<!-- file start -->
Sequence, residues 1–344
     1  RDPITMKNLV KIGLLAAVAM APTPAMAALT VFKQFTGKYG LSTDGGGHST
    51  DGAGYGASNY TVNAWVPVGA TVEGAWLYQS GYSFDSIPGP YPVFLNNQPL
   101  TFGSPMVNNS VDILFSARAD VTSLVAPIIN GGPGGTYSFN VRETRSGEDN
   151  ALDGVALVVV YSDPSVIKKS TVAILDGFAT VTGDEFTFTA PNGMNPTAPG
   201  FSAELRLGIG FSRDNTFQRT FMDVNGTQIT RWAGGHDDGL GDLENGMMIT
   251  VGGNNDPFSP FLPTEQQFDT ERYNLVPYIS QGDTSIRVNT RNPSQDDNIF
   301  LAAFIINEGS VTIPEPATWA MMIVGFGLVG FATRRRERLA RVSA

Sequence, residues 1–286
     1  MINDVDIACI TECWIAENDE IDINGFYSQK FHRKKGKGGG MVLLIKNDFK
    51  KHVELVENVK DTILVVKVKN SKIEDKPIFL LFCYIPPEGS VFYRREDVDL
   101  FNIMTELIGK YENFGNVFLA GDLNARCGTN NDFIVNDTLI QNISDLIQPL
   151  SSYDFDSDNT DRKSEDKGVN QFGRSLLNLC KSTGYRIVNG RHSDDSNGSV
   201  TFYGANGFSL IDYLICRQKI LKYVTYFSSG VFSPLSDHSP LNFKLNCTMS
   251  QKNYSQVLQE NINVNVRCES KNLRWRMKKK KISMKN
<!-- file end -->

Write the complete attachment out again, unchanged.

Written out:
Sequence, residues 1–344
     1  RDPITMKNLV KIGLLAAVAM APTPAMAALT VFKQFTGKYG LSTDGGGHST
    51  DGAGYGASNY TVNAWVPVGA TVEGAWLYQS GYSFDSIPGP YPVFLNNQPL
   101  TFGSPMVNNS VDILFSARAD VTSLVAPIIN GGPGGTYSFN VRETRSGEDN
   151  ALDGVALVVV YSDPSVIKKS TVAILDGFAT VTGDEFTFTA PNGMNPTAPG
   201  FSAELRLGIG FSRDNTFQRT FMDVNGTQIT RWAGGHDDGL GDLENGMMIT
   251  VGGNNDPFSP FLPTEQQFDT ERYNLVPYIS QGDTSIRVNT RNPSQDDNIF
   301  LAAFIINEGS VTIPEPATWA MMIVGFGLVG FATRRRERLA RVSA

Sequence, residues 1–286
     1  MINDVDIACI TECWIAENDE IDINGFYSQK FHRKKGKGGG MVLLIKNDFK
    51  KHVELVENVK DTILVVKVKN SKIEDKPIFL LFCYIPPEGS VFYRREDVDL
   101  FNIMTELIGK YENFGNVFLA GDLNARCGTN NDFIVNDTLI QNISDLIQPL
   151  SSYDFDSDNT DRKSEDKGVN QFGRSLLNLC KSTGYRIVNG RHSDDSNGSV
   201  TFYGANGFSL IDYLICRQKI LKYVTYFSSG VFSPLSDHSP LNFKLNCTMS
   251  QKNYSQVLQE NINVNVRCES KNLRWRMKKK KISMKN